Kerala set to pay the price without drastic eco-friendly actions

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An aerial view of a flood-hit area in Kerala.
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Kerala has been badly hit by the disastrous floods. Many have died and numerous properties have been damaged across the state. As expected, the rest of India has stood with Kerala during the calamity, but it is imperative for Keralites to understand that the proverbial writing is on the wall for the southern state when it comes to the dangers posed by climate change.

Earlier this year an assessment by HSBC revealed that India is the most vulnerable country to climate change. One of the most vulnerable regions in the country is Kerala, which has been facing the impact of global environmental degradation for years. Dealing with a major onslaught from human beings, Mother Nature has finally decided to strike back.

Tsunami as well as regular outbreaks of infectious diseases play havoc on Kerala. When a global leader dubs climate change as hoax, some in Kerala claimed that the recent Nipah outbreak was a sort of conspiracy to kill the state’s tourism industry. Large sections of the Indian media unfortunately classify all environmentalists as paid agents of the West looking to halt India’s economic development. It is really easy for city dwellers, who have rarely stepped into rural India, to criticise those devoting their lives to secure the planet. But what we do in the name of development will have far-reaching consequences. If we don’t treat climate change as an emergency that can cause massive destruction and untold human suffering, the recent crises are going to pale in comparison to what awaits us.

What we can do

There is obviously a powerful and influential lobby behind projects that pollute and destroy our environment; these people have many politicians and bureaucrats in their pockets. It is unreasonable to expect ordinary citizens to take on these polluters. However, Kerala, which stands to lose a lot from climate change, needs to take a leadership role in fighting climate change. I can’t think of a single Malayali who wasn’t proud to hear the news that the Cochin airport became the world’s first completely solar-powered airport. We need several such initiatives in the state, but the fight against climate change and for a cleaner planet has to be the initiative of the common man.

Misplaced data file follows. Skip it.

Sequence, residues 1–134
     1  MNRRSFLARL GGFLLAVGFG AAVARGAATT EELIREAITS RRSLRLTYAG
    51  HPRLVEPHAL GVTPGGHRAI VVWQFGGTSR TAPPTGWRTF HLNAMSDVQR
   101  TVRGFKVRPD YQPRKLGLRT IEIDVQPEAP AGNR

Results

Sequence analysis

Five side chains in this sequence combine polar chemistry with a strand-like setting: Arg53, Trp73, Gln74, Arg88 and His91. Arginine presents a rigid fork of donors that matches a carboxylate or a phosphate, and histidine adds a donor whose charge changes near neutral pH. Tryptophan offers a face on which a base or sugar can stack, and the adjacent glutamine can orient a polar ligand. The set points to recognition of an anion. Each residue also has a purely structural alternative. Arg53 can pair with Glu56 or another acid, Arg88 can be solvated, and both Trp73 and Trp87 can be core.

A few summers ago I spent a weekend on a beautiful island in Stockholm Archipelago, a mass of about 30,000 islands. As is the tradition in Sweden, many people stay in their summer houses in the warmer months only to abandon the island in the colder months. The cottage I stayed in did not have electricity so I was quite surprised when my host offered me a cold beer on a day the temperatures touched 30-degrees plus. The house had a fridge that was entirely powered by solar energy! This was in Sweden, a country that gets a small fraction of the amount of sun that Indian states get. Apparently, many other cottages on the island used solar power for their basic needs in the summer. Those of us in India living in apartments would find it very difficult to do something similar! But surely in a place like Kerala, which has an abundance of warm sunlight for at least six months a year, such initiatives are possible, given the fact that an overwhelmingly large percentage of the population lives in independent houses.

Kerala has about 100 MW of commissioned and grid-connected solar power. This is ridiculously low! The state government offers loans up to Rs 10 lakh for solar power installations for individuals under priority sector lending programmes. It is up to the citizens to take advantage of these and other schemes that help bring about eco-friendly solutions in Kerala. It has been proven just about everywhere that initial expenses in solar energy are recovered within a matter of a few years. And yes, the government can be a bit more persuasive with businesses to use eco-friendly solutions.

Citizens groups also need to brainstorm and look at other ways to reduce our carbon footprint. While Kerala cannot become the lone torchbearer in environment-friendly solutions, it can assume a leadership role the way it has with literacy and other human development indicators.

Climate change is no hoax and unless strong action is taken, not even God will be able to save his own country!

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